Saying she is tired of Kentucky Governor Steve Beshear and Senate President David Williams blaming each other for the Commonwealth's problems, Jefferson County Clerk Bobbie Holsclaw says both are at fault, so she is offering voters an alternative.
Holsclaw and running mate Bill Vermillion plan on filing the official paperwork on Tuesday.
Vermillion has never run for office. He's a retired U.S. Navy Master Chief from Caneyville who also teaches at Shawnee High School in Louisville.
Though Holsclaw had made no secret that she was considering a run for governor, she admits that her decision is still somewhat of a surprise.
Against tall odds and just one year after professing no interest in any other office when she declined to enter the Louisville mayor's race, WHAS11 News asked Holsclaw what had changed.
"A lot of soul searching," she said, adding that she's fed up with partisan politics at the expense of progress in Frankfort.
"Somebody needs to step up," Holsclaw said, "And I'm not saying that I am the answer to it. But I'm going to give it a shot."
As county clerk, Holsclaw says she has seen firsthand the recession's effect on Kentucky citizens, with cars and homes repossessed. She stresses jobs, education and a message to women.
"There is a place for us at the table."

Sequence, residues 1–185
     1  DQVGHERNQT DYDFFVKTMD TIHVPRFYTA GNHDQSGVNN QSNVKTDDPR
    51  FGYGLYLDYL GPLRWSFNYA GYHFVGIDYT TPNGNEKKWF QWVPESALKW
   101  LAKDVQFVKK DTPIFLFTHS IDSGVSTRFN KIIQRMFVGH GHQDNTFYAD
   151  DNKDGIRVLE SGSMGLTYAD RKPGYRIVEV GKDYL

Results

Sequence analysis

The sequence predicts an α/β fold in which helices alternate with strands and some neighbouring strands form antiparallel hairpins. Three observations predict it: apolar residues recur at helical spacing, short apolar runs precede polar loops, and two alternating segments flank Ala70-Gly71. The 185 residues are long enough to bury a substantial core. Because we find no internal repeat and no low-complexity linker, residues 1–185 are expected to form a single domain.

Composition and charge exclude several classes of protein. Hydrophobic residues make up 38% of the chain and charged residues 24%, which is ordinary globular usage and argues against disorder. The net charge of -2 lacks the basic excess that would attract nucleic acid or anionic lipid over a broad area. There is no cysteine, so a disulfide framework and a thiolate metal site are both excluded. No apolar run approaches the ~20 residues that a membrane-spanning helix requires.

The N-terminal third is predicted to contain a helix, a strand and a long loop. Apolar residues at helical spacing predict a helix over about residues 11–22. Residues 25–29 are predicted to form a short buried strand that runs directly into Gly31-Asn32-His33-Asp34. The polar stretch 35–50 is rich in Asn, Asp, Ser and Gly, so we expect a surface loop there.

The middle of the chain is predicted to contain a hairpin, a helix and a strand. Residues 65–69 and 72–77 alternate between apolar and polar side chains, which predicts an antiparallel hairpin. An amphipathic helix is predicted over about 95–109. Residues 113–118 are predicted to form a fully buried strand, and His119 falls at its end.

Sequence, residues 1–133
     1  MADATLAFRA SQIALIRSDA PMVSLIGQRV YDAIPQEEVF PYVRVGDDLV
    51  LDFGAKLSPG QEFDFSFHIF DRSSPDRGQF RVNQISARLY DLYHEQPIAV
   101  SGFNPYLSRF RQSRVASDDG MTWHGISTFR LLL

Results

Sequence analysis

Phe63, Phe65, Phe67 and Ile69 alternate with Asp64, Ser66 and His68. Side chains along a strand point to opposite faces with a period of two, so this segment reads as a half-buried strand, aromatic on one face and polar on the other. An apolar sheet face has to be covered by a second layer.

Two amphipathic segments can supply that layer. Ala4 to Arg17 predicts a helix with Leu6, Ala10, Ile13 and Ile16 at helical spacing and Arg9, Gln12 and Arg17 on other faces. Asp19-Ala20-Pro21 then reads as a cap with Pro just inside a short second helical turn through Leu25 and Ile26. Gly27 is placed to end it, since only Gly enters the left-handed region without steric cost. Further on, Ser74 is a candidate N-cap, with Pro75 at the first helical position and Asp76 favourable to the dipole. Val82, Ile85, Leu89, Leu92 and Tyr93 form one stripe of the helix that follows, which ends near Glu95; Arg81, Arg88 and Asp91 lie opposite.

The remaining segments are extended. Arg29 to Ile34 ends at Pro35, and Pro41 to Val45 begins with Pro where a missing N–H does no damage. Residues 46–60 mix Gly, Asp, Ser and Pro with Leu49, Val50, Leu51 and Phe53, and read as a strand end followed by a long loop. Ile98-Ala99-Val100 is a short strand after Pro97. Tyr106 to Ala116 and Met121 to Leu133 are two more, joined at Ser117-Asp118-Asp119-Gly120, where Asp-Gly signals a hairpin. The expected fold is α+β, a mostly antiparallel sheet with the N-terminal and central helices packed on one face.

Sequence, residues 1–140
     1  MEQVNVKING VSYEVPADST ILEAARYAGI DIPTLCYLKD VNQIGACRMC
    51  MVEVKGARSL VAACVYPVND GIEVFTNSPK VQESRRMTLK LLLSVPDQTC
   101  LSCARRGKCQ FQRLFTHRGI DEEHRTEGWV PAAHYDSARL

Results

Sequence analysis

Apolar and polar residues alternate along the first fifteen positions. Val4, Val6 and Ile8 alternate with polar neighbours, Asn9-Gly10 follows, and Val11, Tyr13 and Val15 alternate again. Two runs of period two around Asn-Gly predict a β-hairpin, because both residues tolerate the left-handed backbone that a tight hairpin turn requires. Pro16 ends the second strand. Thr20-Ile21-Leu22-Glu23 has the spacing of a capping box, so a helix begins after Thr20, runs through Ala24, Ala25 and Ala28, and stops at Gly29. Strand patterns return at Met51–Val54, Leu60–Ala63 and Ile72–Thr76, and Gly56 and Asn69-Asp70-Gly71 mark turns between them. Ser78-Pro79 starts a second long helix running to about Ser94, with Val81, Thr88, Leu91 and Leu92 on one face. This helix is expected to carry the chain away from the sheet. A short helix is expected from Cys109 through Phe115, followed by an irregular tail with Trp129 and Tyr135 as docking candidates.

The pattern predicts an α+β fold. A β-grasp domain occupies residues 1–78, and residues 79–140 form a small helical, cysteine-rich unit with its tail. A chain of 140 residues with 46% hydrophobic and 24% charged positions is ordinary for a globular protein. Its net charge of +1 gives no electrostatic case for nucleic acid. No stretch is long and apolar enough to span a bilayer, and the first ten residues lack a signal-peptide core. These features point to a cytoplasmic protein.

Holsclaw is running on her record as clerk of Kentucky's largest county since 1999. She says she has returned millions of dollars back to the Metro Council and she would run the state the same way.
"I have watched your money, I have protected your money, and I have spent your money as if it were my own," Holsclaw said.
Reelected to a fourth term in November, Holsclaw received 65 percent of the vote, with more votes than anyone else in any other race on the Jefferson County ballot.
Like primary opponents David Williams and Phil Moffett, Holsclaw is an advocate of neighborhood schools.
"I think parents should have the right to put their children in schools that they prefer to do," she said.
Yet, unlike her GOP rivals, Holsclaw says she has no problem with expanded gambling as long as the people decide.
"Kentucky is hurting and they're hurting major, but I think people have to come to the reality is, are they going to raise your taxes because they're going to get this money to operate one way or another, or are we going to have expanded gambling?"
Steve Beshear has already raised $3 million for his reelection campaign, Williams has raised close to $1 million, and Moffett is trying to tap into Tea Party support, but Holsclaw says she just needs enough money to compete and give voters a real choice - like her first victory as county clerk 12 years ago.
"I'm the underdog. I'm not unfamiliar with that role," she said.